By Ed Blair Illustration by Thomas Slater January 11, 2022
Imagine trying to explain the professional wrestling landscape right now to a downcast ECW fan in the year 2000. They would have just watched the wrestling landscape in America shift from three National Societies to WWE (formerly WWF), and for the next two decades they would have watched WWE work tirelessly to make their mark. name synonymous with professional wrestling – a bit ironic, given the insistence on calling itself a “sports entertainment” company. Energy companies and conservative media networks would do their best to create a national brand, but it seemed impossible that anyone could even approach the wrestling juggernaut McMahon, let alone compete with them. Independent wrestling was a sport for die-hard gangsters and lifers, operating under the shadow of a corporate giant.
“At the end of 2015, beginning of 2016, I noticed an explosion within the independent wrestling scene. I’ve noticed that wrestlers are taking their own brands into their own hands and creating these characters on social media. I thought that was really intriguing, ”says Mikey Rukus, describing his entry point into this grueling world of low wages and long commutes. The producer / musician started creating theme songs for mixed martial arts in 2010, and had reached a point where his work was being shown on UFC pay-per-view channels. The fight had something different to offer, however. “Professional wrestling… you have the opportunity to develop your character and explore stories and things like that,” he says. “Creatively it was very exciting.”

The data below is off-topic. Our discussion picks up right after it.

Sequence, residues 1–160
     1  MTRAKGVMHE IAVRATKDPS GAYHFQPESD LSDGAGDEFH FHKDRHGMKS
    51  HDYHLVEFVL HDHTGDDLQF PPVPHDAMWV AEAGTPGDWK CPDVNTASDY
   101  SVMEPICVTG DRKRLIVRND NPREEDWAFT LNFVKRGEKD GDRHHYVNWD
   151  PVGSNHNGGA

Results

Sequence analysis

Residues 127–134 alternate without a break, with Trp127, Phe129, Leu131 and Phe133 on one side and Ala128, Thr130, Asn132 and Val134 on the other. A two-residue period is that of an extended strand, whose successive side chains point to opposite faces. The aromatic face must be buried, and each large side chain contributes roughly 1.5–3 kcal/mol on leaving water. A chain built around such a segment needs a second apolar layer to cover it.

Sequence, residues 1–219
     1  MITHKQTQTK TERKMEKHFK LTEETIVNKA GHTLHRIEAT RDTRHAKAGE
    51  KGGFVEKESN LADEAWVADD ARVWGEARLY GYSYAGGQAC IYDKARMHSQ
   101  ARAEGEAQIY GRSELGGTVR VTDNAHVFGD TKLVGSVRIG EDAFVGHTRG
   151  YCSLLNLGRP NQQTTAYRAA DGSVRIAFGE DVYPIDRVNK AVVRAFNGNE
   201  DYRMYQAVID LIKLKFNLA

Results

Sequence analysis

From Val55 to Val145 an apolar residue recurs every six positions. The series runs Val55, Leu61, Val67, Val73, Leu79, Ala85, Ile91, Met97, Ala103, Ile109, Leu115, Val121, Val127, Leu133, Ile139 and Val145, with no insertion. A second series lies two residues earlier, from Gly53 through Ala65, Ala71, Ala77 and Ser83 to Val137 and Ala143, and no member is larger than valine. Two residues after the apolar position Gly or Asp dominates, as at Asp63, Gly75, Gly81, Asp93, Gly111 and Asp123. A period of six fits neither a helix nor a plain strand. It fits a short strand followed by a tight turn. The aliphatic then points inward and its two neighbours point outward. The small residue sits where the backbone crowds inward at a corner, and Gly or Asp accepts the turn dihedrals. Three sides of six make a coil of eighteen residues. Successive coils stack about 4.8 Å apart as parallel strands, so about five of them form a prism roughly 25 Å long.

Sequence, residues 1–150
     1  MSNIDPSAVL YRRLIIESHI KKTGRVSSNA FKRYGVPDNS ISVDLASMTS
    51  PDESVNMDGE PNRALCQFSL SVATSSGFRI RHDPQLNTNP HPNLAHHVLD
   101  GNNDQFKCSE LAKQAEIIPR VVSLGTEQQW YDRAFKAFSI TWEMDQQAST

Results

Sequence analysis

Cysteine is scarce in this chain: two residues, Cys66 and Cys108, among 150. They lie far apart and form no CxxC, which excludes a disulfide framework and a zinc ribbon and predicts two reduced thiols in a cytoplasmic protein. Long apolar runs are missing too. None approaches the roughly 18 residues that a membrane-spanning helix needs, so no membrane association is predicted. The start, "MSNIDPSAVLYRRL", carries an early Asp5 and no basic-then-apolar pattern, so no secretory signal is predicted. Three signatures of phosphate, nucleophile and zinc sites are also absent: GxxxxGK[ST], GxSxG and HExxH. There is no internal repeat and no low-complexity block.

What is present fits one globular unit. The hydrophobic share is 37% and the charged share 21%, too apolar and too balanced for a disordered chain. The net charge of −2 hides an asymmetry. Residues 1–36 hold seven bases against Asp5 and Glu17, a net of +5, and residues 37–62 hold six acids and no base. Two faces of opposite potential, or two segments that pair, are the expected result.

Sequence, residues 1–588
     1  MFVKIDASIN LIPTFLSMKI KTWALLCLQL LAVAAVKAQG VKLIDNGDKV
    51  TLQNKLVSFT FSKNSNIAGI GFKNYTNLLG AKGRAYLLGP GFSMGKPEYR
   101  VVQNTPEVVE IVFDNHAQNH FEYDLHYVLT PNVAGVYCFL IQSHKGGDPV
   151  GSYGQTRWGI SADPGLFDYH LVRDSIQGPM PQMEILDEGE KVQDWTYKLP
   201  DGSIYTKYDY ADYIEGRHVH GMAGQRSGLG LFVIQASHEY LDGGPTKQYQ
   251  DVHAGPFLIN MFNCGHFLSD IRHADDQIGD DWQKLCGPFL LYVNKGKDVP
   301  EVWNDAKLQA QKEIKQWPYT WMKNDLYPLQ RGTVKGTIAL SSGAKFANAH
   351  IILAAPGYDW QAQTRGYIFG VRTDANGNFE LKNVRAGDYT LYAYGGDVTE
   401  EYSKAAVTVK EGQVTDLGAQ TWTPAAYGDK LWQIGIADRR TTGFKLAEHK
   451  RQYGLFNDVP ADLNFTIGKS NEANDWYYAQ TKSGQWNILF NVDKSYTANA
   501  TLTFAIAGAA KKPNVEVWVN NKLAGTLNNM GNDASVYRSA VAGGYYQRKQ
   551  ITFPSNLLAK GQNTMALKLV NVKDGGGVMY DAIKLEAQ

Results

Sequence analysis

Rukus is not wrong. Public interest in independent wrestling has increased dramatically over the past decade, providing a level of visibility not seen since ECW. WWE’s “Development Territory” NXT, is essentially a supercharged version of the independent scene as a whole, giving long-term independent veterans a sweet and sweet taste of the WWE star (and the money that goes with it). Foreign companies like New Japan Pro Wrestling are also obsessed with indies, giving fan favorites like Kenny Omega and the Young Bucks yet another launching pad. New Japan and WWE are each great wrestling companies, but the increased focus of both towards unsigned wrestlers has created an environment of great opportunity.
The timing for Rukus’ new focus on wrestling was sound in several ways. Not only was the wrestling industry booming, but between the increased visibility brought by streaming options and an increase in aggressive copyright enforcement in digital spaces, the use of themed music unlicensed (as is tradition) has ceased to be an option for promotions or wrestlers trying to boost their profile. Rukus worked hard during his first two years at the company, boasting “that between 2016 and 2018 I created over 200 themes for independent professional wrestlers in the US and UK”.
Then some tweets everything changes. It’s hard to believe that a flippant tweet from Dave Meltzer, one of wrestling’s longest-serving journalists, could have been the only genesis behind All in, the first non-WWE / WCW wrestling event to draw over 10,000 people since 1993; most likely something like that was in the works for a second, but it’s a great story. The unique All In show quickly became the active business All the elite struggles, and Rukus immediately knew he had to be involved. “I heard AEW’s announcement in early 2019. I just tried to do what I can do in terms of networking to connect with the right people and start a conversation,” he explains. The commotion paid off. Rukus now serves as the music director for the most fashionable company in wrestling since the Monday night wars, making him responsible for bops such as the infused Moroder “Dark Side of TR“(the theme of FTR), the RATM-by-way-of-sleaze-rock”All about Tha (BOOM!)”And the many other musical cues heard on Wednesday, Friday and sometimes Saturday evenings. He does it all at a terrific rate, producing over 80 pieces in eleven months, sometimes with barely two hours of composition for a theme.